Mark Carney will get a chance this week to explain what happened to forward guidance.
Just weeks after entrenching investor expectations on record-low interest rates, the Bank of England governor warned borrowing costs may rise earlier than anticipated. His change of tone will probably feature at questioning when he appears before lawmakers tomorrow.
“Carney has a massive communication problem because I think it’s just flip-flopping around,” said Brian Hilliard, an economist at Societe Generale SA in London and a former BOE official. “We get very strong signals from the BOE and they become meaningless a month later.”
At risk is Carney’s credibility as his plans to keep interest rates low run up against a strengthening recovery that’s put Britain at the vanguard of the Group of Seven nations. While the governor is sticking to the view that any increases will be “gradual,” his surprise comments in the Mansion House speech on June 12 prompted a huge shift in bets on the timing of the first tightening.
Carney will speak to Parliament’s Treasury Committee at a public meeting to grill policy makers about their quarterly Inflation Report, and he will brief journalists on the BOE’s financial stability report two days later. Among lawmakers on the panel is Conservative Jesse Norman, who questioned last week whether forward guidance is still a relevant policy.
“Where’s the substance?” Norman said on June 18. “All it really amounts to is a lot of arm waving until the governor tells us when he thinks rates are going to go up or down.”
In May, the BOE’s Monetary Policy Committee said inflation would probably stay close to its 2 percent target over the next three years, based on expectations for a rate increase in the second quarter of 2015. Four weeks later, Carney said the MPC could move “sooner than markets currently expect.”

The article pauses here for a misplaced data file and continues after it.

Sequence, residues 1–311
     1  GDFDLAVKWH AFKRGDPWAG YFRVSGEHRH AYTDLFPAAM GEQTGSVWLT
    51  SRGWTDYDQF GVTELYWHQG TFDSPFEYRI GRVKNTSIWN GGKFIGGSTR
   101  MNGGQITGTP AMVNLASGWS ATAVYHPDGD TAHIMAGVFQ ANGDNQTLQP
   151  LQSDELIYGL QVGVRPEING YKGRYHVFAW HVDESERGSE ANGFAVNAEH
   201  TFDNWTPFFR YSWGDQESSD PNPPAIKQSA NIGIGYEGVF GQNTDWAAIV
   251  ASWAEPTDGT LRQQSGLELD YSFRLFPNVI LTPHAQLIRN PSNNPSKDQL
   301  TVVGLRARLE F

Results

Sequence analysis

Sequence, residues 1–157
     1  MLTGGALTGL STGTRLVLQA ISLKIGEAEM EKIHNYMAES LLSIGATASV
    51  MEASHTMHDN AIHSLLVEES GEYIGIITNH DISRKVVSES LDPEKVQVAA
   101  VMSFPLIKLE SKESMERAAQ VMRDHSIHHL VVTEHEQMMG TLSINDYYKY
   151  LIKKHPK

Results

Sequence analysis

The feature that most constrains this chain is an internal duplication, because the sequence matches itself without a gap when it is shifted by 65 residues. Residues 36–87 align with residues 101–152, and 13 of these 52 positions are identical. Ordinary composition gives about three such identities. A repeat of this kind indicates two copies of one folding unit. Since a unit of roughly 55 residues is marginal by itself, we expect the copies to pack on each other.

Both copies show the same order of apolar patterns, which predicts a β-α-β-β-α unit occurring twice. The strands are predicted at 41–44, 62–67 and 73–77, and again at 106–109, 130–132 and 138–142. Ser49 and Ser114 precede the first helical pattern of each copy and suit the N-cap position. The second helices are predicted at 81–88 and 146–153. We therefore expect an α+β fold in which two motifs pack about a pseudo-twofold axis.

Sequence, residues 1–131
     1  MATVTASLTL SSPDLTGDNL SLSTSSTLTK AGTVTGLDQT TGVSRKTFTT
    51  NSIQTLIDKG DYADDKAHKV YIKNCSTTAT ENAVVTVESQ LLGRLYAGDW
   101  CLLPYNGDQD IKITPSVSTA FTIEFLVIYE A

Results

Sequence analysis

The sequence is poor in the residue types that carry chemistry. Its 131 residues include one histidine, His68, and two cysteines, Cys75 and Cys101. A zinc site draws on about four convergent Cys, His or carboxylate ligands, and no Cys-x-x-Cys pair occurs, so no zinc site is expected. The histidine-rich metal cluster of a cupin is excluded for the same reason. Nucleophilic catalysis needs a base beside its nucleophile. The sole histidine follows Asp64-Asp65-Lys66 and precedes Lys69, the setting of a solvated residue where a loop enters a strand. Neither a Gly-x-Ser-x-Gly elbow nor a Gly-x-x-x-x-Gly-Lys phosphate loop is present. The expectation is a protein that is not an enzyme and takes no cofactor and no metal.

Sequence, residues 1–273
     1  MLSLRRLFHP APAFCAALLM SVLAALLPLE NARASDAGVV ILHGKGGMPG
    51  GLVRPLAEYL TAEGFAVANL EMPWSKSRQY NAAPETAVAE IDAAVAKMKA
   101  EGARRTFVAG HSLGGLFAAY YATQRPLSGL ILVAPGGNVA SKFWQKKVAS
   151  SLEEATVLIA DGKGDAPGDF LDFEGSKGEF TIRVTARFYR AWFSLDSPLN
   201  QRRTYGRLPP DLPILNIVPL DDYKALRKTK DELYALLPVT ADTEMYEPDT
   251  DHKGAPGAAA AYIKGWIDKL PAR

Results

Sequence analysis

The shifting position was reinforced last week, when the MPC said in the minutes of its June meeting that it was “surprising” that investors were putting such a low probability on a rate hike this year. The BOE has held its benchmark rate at 0.5 percent since March 2009.
The pound surged 1.6 percent versus the dollar this month, as the prospect of higher rates boosted its allure. Sterling rose to $1.7063 on June 19, the strongest level since October 2008, and was at $1.7021 at 10:40 a.m. London time.
Policy maker David Miles wrote in today’s Telegraph newspaper that it’s now “much more likely” rates will start to return to normal before his term on the MPC ends May 31. It’s a contrast from comments made in February, when he said “it may be that sometime next year may be the right time, but it’s difficult to predict.”
The change of view is “obviously going to be a key debating point of the Treasury Select Committee,” said George Buckley, an economist at Deutsche Bank AG in London. “How -- in terms of communication -- you’ve gone from the position where the MPC has been giving very dovish signals, to one where they are giving much less dovish signals.”
Societe Generale’s Hilliard, along with economists at Barclays Plc, Credit Suisse Group AG and Royal Bank of Scotland Group Plc, were among those who brought their rate forecasts forward after Carney’s comments. The implied yield on short-sterling futures contracts expiring in December rose to 0.90 percent at the end of last week, compared with 0.72 percent on May 30.
Under the first phase of guidance, which Carney introduced one month after he took office last July, the BOE said it wouldn’t raise rates at least until unemployment declined to 7 percent, something it didn’t see happening until 2016 at the time. In February, officials were forced to redraft the policy after joblessness fell far faster than anticipated, changing the focus to spare capacity in the economy.
“Guidance was designed for a certain set of circumstances, which have now changed,” said Stuart Green, an economist at Santander SA in London. “The market isn’t questioning their credibility just yet, but there are implications. If the bank was wrong in the first place, then why should they be believed now?”
Britain’s economy expanded 0.8 percent in the first quarter and is set to maintain that pace in the second quarter. While inflation is below the BOE’s 2 percent target, continued economic strengthening could reduce the amount of slack faster than forecast, raising the prospect of increased price pressures.
For David Tinsley at BNP Paribas SA in London, the recent adjustment within the MPC may just be the start, with the next shift possibly centering on the speed of rate increases.
“There is a clear risk that the MPC will eventually need to change its tune, again, on the speed and degree of tightening that the economy will need,” he said.